abstract = "Blood-feeding parasites are inadvertently exposed to high doses of potentially cytotoxic haem liberated upon host blood digestion. Detoxification of free haem is a special challenge for ticks, which digest haemoglobin intracellularly. Ticks lack a haem catabolic mechanism, mediated by haem oxygenase, and need to dispose of vast majority of acquired haem via its accumulation in haemosomes. The knowledge of individual molecules involved in the maintenance of haem homeostasis in ticks is still rather limited. RNA-seq analyses of the Ixodes ricinus midguts from blood- and serum-fed females identified an abundant transcript of glutathione S-transferase (gst) to be substantially up-regulated in the presence of red blood cells in the diet. Here, we have determined the full sequence of this encoding gene, ir-gst1, and found that it is homologous to the delta-/epsilon-class of GSTs. Phylogenetic analyses across related chelicerates revealed that only one clear IrGST1 orthologue could be found in each available transcriptome from hard and soft ticks. These orthologues create a well-supported clade clearly separated from other ticks' or mites{\textquoteright} delta-/epsilon-class GSTs and most likely evolved as an adaptation to tick blood-feeding life style. We have confirmed that IrGST1 expression is induced by dietary haem(oglobin), and not by iron or other components of host blood. Kinetic properties of recombinant IrGST1 were evaluated by model and natural GST substrates. The enzyme was also shown to bind haemin in vitro as evidenced by inhibition assay, VIS spectrophotometry, gel filtration, and affinity chromatography. In the native state, IrGST1 forms a dimer which further polymerises upon binding of excessive amount of haemin molecules. Due to susceptibility of ticks to haem as a signalling molecule, we speculate that the expression of IrGST1 in tick midgut functions as intracellular buffer of labile haem pool to ameliorate its cytotoxic effects upon haemoglobin intracellular hydrolysis",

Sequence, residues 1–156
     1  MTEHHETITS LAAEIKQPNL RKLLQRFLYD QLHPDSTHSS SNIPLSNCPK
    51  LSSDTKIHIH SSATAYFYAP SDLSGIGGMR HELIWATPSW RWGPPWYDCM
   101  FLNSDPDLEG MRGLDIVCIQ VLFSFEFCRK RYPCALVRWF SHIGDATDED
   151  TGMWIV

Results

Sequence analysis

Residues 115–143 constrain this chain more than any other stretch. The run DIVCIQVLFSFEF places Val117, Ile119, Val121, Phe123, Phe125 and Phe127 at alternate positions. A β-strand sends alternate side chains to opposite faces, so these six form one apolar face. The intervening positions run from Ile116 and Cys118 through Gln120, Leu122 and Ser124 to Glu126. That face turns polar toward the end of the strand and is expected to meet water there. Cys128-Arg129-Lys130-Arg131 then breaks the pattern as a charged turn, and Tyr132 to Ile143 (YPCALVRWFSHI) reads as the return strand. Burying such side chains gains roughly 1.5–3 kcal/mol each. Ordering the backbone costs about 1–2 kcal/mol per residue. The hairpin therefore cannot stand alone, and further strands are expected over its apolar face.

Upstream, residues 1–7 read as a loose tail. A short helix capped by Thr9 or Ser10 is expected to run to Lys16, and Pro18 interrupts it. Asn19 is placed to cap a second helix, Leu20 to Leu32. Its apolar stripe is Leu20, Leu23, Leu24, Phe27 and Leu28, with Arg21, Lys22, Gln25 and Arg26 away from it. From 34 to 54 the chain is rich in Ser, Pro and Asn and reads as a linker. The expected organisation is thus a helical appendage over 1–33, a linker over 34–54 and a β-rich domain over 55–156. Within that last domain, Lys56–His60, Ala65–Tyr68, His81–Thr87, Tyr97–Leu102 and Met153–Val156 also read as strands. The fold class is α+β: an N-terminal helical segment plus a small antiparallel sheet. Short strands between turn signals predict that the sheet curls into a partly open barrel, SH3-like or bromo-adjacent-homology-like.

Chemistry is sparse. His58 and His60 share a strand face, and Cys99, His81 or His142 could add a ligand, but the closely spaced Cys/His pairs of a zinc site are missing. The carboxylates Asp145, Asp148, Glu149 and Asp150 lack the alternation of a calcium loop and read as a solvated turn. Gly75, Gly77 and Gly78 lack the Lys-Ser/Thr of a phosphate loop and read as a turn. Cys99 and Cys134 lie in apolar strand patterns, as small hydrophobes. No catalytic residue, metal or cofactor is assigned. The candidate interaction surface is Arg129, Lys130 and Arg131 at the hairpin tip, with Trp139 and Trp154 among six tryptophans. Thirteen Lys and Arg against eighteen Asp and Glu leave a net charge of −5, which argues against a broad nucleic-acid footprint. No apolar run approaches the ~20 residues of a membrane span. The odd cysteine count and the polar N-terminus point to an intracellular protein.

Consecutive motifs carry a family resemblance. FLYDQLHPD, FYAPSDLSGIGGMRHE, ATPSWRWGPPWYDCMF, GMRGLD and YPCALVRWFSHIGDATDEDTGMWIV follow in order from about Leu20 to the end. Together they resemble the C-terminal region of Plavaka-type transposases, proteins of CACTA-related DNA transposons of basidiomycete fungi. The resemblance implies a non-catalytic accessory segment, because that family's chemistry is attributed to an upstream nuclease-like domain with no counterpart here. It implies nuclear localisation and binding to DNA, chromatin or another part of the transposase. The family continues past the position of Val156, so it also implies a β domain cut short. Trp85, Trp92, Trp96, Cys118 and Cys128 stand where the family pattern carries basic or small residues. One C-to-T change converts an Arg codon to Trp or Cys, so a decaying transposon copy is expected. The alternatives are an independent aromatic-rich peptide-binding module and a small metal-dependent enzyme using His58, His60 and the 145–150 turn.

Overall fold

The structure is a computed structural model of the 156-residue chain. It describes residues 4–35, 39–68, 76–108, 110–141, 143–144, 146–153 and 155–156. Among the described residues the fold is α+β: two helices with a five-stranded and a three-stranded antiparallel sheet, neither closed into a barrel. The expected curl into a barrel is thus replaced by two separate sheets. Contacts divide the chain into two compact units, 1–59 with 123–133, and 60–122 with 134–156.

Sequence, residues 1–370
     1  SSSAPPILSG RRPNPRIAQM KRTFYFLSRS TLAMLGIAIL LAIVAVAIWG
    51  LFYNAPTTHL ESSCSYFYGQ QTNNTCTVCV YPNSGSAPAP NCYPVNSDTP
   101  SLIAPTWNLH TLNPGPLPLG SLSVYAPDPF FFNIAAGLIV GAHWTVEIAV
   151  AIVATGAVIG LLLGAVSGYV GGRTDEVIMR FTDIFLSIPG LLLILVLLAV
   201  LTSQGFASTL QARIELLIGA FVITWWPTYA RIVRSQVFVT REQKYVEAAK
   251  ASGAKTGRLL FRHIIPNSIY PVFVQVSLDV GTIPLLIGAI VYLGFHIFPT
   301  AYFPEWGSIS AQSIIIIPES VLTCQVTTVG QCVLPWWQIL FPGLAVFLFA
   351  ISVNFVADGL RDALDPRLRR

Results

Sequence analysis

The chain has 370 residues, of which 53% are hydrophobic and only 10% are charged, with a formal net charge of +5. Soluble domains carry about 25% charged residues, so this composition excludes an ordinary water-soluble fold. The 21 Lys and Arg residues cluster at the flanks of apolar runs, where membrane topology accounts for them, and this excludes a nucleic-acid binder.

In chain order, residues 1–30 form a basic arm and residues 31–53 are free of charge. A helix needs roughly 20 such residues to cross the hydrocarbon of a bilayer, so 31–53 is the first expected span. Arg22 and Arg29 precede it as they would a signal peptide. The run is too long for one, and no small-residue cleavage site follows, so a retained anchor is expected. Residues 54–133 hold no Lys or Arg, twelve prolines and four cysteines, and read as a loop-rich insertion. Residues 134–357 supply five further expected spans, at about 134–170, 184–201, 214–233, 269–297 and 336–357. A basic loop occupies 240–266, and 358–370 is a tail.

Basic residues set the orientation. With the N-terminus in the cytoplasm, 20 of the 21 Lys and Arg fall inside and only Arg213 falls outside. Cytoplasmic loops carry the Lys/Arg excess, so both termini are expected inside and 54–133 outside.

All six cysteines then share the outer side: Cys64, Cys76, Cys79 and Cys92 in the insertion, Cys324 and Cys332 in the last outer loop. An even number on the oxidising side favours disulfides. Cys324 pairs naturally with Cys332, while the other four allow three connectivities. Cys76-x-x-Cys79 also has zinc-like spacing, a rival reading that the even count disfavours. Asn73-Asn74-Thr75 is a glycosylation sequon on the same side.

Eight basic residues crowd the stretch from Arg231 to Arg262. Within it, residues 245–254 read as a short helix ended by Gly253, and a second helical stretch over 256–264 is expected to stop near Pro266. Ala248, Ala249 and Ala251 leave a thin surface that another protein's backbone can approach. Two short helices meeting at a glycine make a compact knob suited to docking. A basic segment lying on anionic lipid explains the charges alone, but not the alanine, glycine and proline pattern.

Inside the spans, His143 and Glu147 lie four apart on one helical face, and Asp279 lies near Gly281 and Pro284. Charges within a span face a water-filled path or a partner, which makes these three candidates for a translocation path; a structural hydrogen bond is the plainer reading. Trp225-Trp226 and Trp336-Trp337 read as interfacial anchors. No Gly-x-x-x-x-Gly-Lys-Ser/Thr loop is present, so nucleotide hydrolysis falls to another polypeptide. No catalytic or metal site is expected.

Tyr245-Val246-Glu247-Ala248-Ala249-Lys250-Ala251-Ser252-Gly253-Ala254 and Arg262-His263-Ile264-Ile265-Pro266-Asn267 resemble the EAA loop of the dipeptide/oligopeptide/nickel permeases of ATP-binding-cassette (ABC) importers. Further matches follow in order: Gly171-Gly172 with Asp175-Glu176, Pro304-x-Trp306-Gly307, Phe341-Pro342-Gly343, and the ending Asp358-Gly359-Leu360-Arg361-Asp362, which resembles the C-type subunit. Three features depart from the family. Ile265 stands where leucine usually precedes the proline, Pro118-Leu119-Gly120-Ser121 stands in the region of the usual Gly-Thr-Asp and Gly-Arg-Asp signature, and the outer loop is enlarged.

author = "Jan Perner and Jan Kot{\'a}l and Tereza Hatalov{\'a} and Veronika Urbanov{\'a} and Pavla Barto{\v s}ov{\'a}-Sojkov{\'a} and Peter Brophy and Petr Kop{\'a}{\v c}ek",